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The Fundamental Qualities of Janov’s Imprint…

Janov gives us a glimpse of the nature of the Imprint and how it is safely accessed during primal therapy: “During this process, it is entirely possible that she won’t know what she is going through until months after the primals have been started. This is because she will only feel a piece of the original trauma at a time, just enough to be integrated. Later, the trauma will begin to make overall sense as more and more of it is experienced. It is like putting the pieces of a puzzle together”. (1)

If we accept the premise that the Imprint is a complex fear conditioned memory, which is primarily sensorimotor in composition, and we understand how our nervous system processes such information, then we can conceptualize the Imprint.

Imagine your body at the moment of trauma. It physically responds to the “attack” instantaneously. Somehow, your nervous system instantly assembles a complex web of body-wide, defense-related sensorimotor responses which are unique to your trauma. This coordinated web of survival responses defends against the attack. You cannot prevent this complex response. It’s entirely reflexive…like the blink of an eye.

In order for this to have occurred, we must conclude that each separate sensorimotor event is energetically connected to each of the others. Otherwise, how could there be an instantaneous coordination of thousands of separate physical responses, all directed toward one goal…. survival?

If the threat is survived, the entire energetically connected set of reactions gets stored as a long-term memory. This means that it can get chronically “recalled” throughout life. Since the content of the memory is sensorimotor, the recollection is a feeling and/or series of feelings, which are made up of muscle tensions, proprioceptive sensations, an organized sequence of muscle movements, and the homeostatic settings of internal organs as regulated by the autonomic nervous system.

Why is this memory formed? Because that unique web of responses saved your life. Now, the nervous system has a tool with which to even more efficiently respond to that attack….should it happen again. Over time, though, this response gets generalized. This allows future events having similar feelings to trigger the original responses…over and over again. We refer to these chronically expressed behaviors as anxiety neuroses…disordered behaviors that have no apparent cause.

This is what Janov is stating when he says: “ …the memory of a repressed trauma is far more complex than simple verbal recall; it contains the original state of the entire system during the trauma and can be literally relived.” And “In the primal, whatever the individual cell networks did originally to survive they will do again”. (2) An imprint of a trauma is a fear conditioned memory, comprised of the totality of the sensorimotor responses to that trauma.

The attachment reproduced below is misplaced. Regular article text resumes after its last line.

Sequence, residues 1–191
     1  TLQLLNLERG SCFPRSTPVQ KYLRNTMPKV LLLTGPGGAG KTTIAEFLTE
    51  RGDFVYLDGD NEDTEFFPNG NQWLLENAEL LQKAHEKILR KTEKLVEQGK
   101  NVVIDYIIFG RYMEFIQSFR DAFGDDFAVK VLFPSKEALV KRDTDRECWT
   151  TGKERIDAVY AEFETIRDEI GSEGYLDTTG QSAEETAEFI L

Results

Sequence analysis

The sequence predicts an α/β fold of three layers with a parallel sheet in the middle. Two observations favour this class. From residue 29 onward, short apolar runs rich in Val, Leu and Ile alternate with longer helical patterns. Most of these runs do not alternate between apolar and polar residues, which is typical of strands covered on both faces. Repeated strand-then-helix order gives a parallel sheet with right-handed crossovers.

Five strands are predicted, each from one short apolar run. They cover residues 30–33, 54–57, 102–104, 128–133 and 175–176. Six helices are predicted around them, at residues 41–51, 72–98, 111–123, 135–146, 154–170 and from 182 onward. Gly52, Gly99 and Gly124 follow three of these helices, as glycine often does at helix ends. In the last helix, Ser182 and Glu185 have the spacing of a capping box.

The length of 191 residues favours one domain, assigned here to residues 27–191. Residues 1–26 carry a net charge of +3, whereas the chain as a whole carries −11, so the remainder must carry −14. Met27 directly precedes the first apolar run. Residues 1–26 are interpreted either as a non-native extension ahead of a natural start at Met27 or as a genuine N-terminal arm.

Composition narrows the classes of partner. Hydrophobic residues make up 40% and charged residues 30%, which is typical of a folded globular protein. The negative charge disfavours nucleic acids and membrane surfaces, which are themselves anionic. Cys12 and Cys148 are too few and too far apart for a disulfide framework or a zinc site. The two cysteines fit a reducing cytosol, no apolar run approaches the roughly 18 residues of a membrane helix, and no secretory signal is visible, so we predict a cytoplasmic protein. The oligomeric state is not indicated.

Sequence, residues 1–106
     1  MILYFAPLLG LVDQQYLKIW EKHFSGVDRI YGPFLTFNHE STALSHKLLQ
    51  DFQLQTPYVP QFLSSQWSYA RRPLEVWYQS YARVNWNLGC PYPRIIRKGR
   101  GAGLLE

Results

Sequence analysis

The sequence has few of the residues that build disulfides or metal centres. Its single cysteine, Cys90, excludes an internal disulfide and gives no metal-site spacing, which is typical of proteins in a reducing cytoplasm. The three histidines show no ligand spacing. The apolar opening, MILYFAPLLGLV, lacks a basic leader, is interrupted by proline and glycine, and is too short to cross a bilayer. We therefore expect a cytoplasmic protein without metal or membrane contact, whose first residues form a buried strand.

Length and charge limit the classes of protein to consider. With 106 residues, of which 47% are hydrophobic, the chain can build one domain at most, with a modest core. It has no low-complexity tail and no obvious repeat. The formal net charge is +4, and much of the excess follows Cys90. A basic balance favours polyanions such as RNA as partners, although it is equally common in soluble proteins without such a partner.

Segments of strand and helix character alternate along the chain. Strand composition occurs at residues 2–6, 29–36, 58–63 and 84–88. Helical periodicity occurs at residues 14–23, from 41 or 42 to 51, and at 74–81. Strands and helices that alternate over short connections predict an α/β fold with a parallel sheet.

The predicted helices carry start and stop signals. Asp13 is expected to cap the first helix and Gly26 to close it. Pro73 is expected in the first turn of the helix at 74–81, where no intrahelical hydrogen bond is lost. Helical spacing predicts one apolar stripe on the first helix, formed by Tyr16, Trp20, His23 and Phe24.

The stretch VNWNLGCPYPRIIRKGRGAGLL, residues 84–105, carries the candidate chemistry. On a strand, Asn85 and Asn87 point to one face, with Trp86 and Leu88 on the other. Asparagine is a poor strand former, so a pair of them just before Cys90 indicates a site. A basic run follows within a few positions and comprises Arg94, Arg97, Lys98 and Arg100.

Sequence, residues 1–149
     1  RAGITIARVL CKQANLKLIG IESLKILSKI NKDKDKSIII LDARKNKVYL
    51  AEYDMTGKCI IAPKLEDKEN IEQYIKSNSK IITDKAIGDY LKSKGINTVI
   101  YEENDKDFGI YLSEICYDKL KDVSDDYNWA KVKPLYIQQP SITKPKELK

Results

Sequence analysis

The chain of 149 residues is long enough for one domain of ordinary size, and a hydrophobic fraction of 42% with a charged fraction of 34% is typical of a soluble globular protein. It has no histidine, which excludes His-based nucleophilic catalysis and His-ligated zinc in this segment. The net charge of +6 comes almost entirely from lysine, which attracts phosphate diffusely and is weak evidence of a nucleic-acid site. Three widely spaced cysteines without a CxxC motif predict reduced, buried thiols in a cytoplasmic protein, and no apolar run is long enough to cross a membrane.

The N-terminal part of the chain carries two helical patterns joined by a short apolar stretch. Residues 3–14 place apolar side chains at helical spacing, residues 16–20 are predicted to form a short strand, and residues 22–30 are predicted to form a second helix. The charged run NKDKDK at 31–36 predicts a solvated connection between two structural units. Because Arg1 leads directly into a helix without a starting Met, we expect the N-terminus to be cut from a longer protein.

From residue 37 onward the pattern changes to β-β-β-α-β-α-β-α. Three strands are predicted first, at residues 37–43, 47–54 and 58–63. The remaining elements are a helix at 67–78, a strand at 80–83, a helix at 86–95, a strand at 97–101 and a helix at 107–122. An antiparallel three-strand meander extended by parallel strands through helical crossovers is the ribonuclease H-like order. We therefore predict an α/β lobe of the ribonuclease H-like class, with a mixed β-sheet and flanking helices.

The function and effect of an Imprint is clearly described in this statement by LeDoux where he describes fear conditioning this way: “The ability to rapidly form memories of stimuli associated with danger, to hold on to them for long periods of time (perhaps eternally), and use them automatically when similar situations occur in the future is one of the brain’s most powerful and efficient learning and memory functions. But this incredible luxury is costly. We sometimes, perhaps all too often, develop fears and anxieties about things that we would as well not have.” (3)

LeDoux’s is a concise statement about what causes the anxiety-related neuroses, chronic anger, emotional withdrawal, and even depression (indirectly). The resolution of this category of emotional disorder requires that we, somehow, get the bits and pieces of the sensorimotor survival responses into consciousness. Primals accomplish this. With each primal, an aspect of the fear conditioned memory is made conscious and de-energized, as the medial prefrontal cortex is now able to exert its inhibitory influence over the limbic system, including the amygdala. The energy driving the neurotic act out is, thus, permanently decreased in direct proportion to how much of the imprint is primaled.

(1) Janov, A. (1996), How You Get Sick. How You Get Well, Dove Books, California, P 240.

(2) Janov, A. (1996). Why You Get Sick. How You Get Well, Dove Books, California, P.216

(3) LeDoux, J. (1996). The Emotional Brain: The mysterious underpinnings of emotional life. Simon & Schuster, New York, P.266.

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Source document: Int. J. Environ. Res. Public Health 2021, 18(12), 6625; Radosław Stupak and Bartłomiej Dobroczyński at Jagiellonian University are Polish Rese

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